George McClellan is one of the most frustrating men I know. Well, I don’t really know him since he has been dead for more than 130 years. But I know about him.
I like reading history books because I always learn something that applies to life today. Here are some recently learned (or relearned) lessons from Civil War days and the disappointing life of General George McClellan.
-Early success isn’t always helpful. McClellan entered West Point at 15 and Continue reading
The Civil War wasn’t very civil. There were more American casualties than all the rest of our wars combined. It was ugly and brutal and lasted far longer than any had anticipated.
On summer vacation I read “Battle Cry of Freedom” by James McPherson. It won a Pulitzer Prize so I figured I should give it a try. And why, by the way, have my books been skipped over in this Pulitzer Prize thing? But I digress.
The book is less than 900 pages. Long, but much shorter than some others including Shelby Foote’s trilogy. It is well documented and well written. The well written part is really helpful, especially when there are 900 pages involved.
I note a couple of things that I learned or Continue reading
Posted in books, history, military, Uncategorized
Tagged book, Christian, Christianity, civil war, God, history, James McPherson, Lincoln, Religion and Spirituality, Shelby Foote
My wife recently posted her 10 most influential books. (She put my books on her list. Danger of nepotism?) So, here is my stab at my most influential. (Not counting my own. Danger of ridicule?) And, I’ve doubled and trebled up to get in some more. And, I’m leaving out some books that ought to get me banned from libraries and sitting rooms as penance.
1. The Bible. I read through the bible every year at least once and have for many years. It is more thrilling to me every year and is the foundation for my faith and my life. It is really 66 books, of course, but I’ll count it as one for this. If you haven’t read it yet, try starting with John and then Acts. Finish the New Testament a couple of times and then read the entire book.
2. The Chronicles of Narnia by C.S. Lewis. This is a 7 book set. It is lots of fun to get lost in them. Very easy reading. I love the spiritual connection and the fun. I read them to my children and look forward to reading them to my grandchildren. And, add to this Mere Christianity (Lewis’s best non-fiction, I think) and The Screwtape Letters (tremendous insights into our spiritual battles) by Lewis. A serious Christian thinker not reading Mere Christianity is sort of like a serious student of English novels never reading A Tale of Two Cities–these things ought not to be done.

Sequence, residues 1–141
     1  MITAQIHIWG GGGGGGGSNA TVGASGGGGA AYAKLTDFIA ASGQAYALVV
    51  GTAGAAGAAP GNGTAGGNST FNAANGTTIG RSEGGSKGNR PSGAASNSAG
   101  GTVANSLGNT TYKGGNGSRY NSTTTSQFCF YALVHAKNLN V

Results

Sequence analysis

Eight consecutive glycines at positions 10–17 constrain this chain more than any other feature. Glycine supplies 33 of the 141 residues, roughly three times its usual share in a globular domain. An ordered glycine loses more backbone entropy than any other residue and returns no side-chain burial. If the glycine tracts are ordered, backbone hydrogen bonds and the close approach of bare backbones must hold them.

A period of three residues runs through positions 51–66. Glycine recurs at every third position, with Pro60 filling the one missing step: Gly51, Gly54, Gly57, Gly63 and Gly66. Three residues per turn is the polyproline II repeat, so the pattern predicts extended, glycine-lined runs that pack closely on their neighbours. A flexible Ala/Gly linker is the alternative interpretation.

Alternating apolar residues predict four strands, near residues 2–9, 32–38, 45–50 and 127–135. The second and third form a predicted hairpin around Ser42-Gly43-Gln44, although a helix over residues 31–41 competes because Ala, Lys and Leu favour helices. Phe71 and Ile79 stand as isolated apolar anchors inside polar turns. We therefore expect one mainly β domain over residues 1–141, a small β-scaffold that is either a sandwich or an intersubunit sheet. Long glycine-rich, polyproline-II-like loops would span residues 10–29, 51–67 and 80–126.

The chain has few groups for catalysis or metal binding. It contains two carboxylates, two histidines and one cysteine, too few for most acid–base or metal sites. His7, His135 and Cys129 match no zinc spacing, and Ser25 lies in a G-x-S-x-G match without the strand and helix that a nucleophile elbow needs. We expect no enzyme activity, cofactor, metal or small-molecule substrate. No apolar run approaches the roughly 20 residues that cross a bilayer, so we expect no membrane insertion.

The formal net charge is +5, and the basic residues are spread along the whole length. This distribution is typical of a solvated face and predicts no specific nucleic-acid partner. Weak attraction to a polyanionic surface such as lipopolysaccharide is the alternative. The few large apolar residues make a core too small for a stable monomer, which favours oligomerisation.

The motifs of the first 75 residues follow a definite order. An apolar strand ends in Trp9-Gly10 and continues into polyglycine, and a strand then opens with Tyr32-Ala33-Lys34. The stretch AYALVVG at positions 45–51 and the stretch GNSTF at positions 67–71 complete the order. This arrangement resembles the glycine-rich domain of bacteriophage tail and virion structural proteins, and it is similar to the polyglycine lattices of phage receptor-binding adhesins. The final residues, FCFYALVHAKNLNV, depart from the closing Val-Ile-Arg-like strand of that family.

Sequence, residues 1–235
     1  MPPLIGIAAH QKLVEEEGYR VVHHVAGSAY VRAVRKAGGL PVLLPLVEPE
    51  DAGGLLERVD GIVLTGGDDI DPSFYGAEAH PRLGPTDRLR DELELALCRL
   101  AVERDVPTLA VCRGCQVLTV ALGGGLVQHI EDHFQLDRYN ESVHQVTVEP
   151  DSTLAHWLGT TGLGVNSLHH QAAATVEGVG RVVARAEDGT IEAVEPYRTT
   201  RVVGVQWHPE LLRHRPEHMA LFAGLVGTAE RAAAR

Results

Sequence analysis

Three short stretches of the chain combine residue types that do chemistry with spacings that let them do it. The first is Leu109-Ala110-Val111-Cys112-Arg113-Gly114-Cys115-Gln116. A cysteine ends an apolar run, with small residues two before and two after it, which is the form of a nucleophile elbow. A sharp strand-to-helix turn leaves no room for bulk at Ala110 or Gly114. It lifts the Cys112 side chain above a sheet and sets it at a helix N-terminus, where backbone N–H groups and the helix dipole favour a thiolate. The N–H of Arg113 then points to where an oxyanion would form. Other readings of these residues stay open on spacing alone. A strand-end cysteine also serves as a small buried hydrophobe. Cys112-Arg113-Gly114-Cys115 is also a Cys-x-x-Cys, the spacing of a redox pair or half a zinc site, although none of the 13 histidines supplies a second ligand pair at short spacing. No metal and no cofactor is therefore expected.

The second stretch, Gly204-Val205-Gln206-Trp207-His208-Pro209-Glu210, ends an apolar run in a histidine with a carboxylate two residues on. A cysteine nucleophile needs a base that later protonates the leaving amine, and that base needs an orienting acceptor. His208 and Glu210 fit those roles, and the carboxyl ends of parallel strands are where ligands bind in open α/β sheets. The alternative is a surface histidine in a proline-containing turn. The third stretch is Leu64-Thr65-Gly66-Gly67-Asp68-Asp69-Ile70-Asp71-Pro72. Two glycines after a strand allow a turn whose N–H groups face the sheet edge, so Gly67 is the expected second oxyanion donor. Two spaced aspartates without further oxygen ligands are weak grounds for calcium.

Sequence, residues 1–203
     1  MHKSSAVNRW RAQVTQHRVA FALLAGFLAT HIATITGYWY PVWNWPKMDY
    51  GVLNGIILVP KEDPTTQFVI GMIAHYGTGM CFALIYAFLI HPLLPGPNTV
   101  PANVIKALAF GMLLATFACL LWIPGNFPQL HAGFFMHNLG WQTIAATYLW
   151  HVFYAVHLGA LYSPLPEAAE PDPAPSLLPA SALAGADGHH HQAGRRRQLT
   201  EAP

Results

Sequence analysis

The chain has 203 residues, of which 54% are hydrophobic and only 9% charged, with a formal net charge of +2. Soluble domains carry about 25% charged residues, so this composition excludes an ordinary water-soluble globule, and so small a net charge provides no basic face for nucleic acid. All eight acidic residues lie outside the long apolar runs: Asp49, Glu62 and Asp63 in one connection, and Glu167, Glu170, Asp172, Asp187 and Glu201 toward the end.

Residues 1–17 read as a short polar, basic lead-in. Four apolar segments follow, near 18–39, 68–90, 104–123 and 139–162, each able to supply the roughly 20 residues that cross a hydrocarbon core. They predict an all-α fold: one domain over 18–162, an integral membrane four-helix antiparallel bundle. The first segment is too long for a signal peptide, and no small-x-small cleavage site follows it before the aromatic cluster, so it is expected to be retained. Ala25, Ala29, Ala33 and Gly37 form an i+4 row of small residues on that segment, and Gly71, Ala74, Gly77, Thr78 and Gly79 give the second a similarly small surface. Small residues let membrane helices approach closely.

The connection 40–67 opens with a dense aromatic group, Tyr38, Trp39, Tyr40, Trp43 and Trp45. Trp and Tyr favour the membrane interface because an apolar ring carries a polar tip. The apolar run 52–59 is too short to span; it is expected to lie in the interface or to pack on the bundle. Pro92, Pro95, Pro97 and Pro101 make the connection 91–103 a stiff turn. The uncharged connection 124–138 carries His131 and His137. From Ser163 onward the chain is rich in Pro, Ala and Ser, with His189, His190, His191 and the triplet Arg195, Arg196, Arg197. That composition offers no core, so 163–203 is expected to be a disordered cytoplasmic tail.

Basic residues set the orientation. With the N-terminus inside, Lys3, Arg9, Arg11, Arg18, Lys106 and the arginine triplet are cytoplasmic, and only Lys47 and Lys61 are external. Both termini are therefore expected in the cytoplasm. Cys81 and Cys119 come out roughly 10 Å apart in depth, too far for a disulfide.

3. Trilogy of the Civil War by Shelby Foote. These three Continue reading
Posted in books, Christianity, education, history, revival, Uncategorized
Tagged bible, bible study, book, Christian, Christianity, deeper faith, devotional book, discipleship, God, Immersed, Jesus, Religion and Spirituality, revival, spiritual awakening, spiritual growth
Having just finished Chernow’s 830 page book on George Washington, I have some thoughts on what he might have to say to us through his 18th century dentures. (Apparently, not made of wood, but teeth from other people or, at times, from ivory. Note to self. Thank the Lord tonight for modern dentistry!)
1. Your one life can make a difference. Washington was as indispensable a man as ever served his country. I have doubts that anyone else had the combination of ability and gravitas to lead this country through the revolution and founding of the government. Not Adams, Jefferson or any of the rest could have come close to matching George (we are on a first name basis) in coalescing a government and commanding the respect of the citizenry.
2. Your integrity brings opportunity. Continue reading
Posted in George Washington, history, Uncategorized
Tagged America, George Washington, history, independence, leadership, president, president's day, revolutionary war, Valley Forge, Washington